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Real and Abstract Infants, Tantrums, and The Virgen of Guadalupe

I like having a child. I like the abstract experience of having a child. I am challenged and stimulated by it. The actual human being I adore with a mammally passion that never stops surprising me, but that’s something separate. Right now I am kinda fed up with hearing my generation whine about how much having a child sucks sometimes or acting surprised that it doesn’t make us happy. Conversations about happiness make me particularly uncomfortable first because real, existing children are discussed as abstract objects or events. You can do that before you have kids and it makes good sense, but afterward it’s something different.

A real human being is no longer an abstraction or an object. He is a person. In his position as child he owes me very little. He didn’t ask to be brought into existence. It’s my responsibility as a parent to establish the framework for the relationship that will define us as a family. Someday we will owe one another everything that people who have a long and loving relationship owe one another. (I guess that’s a reasonable definition of family in our culture.) But the idea that my child should be, by his existence, responsible for my happiness is just a new age-y iteration of the idea that he owes me respect or money or unquestioning obedience by virtue of the fact I spawned him.

Anyone who knows me and my particular sainted infant will understand that I do not speak from the sort of dumb luck that causes the parents of fat placid babies who slept through the night from two weeks on and grew up into coy obedient toddlers, to bridle in horror when other people’s kids shriek and writhe on the subway. (No one could describe my child as obedient, a thing I concede with some ambivalence. Also, sorry about the shrieking and writhing. Really. I spend a lot of time feeling truly awful about it.) I am often tired. I have not slept through the night since well before he was born. I get enraged with the tantrums that inevitably take place when I keep him safe and sometimes end up stomping and flailing a bit myself.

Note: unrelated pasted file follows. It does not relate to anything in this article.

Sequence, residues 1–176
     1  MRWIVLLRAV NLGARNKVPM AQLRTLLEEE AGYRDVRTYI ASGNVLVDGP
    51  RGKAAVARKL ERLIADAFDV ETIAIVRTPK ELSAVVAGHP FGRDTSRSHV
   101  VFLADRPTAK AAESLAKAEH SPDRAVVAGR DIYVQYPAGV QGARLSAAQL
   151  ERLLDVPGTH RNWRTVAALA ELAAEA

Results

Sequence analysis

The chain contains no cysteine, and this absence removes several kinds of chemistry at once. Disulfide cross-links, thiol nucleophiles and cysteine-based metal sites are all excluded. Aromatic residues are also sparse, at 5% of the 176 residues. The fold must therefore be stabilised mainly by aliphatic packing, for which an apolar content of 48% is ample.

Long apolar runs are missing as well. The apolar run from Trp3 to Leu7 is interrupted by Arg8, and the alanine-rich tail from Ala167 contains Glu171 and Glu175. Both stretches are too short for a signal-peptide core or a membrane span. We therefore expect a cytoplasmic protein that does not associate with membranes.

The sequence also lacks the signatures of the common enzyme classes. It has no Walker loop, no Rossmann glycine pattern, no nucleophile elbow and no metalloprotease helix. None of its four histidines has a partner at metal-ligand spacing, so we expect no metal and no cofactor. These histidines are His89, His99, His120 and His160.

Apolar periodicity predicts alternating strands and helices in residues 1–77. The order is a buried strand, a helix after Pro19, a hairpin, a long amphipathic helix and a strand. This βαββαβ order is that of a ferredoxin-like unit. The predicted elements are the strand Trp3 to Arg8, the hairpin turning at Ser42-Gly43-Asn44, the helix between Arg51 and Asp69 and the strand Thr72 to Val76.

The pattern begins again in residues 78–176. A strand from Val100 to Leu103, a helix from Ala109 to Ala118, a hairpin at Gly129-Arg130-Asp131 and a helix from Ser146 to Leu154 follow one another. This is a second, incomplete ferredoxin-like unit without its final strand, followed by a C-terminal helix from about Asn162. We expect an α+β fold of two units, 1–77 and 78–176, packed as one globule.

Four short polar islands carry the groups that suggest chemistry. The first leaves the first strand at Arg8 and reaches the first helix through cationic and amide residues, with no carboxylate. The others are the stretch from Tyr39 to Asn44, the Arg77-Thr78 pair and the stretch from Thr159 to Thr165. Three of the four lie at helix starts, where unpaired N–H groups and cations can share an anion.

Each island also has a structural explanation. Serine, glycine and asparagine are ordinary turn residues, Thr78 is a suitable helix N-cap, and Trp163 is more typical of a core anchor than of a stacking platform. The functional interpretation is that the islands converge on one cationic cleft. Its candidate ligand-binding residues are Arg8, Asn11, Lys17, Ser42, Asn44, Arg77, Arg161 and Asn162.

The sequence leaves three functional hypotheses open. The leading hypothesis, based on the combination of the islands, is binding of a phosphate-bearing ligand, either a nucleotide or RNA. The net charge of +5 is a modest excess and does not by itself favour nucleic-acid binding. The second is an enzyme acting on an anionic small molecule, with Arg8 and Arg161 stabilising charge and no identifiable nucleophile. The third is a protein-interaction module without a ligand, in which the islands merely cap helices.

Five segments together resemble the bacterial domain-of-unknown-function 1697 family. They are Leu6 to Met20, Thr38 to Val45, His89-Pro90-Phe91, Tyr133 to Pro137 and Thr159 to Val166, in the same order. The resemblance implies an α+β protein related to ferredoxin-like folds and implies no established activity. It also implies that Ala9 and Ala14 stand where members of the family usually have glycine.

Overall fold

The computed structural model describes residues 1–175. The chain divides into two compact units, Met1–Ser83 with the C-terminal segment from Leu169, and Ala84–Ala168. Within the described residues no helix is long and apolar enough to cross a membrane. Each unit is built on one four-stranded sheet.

But considering all this in terms of happiness? Huh? I could lodge almost the same set of complaints about starting a business. (Though there the tantrums are mine alone and have mostly to do with printers and Adobe products.) Who are these magazine people whose choices in life are determined by what might or might not make them happy? What the hell does happy even mean? I am more likely to choose to undertake something because it promises to stimulate and challenge me, to change me. Having a child is one of those things. I had almost a year of enforced self-reflection, right smack in the middle of my thirties, when we’re all supposed to be too busy to think. I am more comfortable in a position of authority than ever before; more adept at achieving consensus and avoiding ultimatums. I am powerfully aware of the passage of time. In fact, I am changed.

Said Specific Human Child is playing Virgen de Guadalupe now (Soy la mama María!), pretending to breastfeed his exalted babydoll, whom he refers to as El Niño Oso, a mishearing of El Niño Dios, which I hesitate to correct.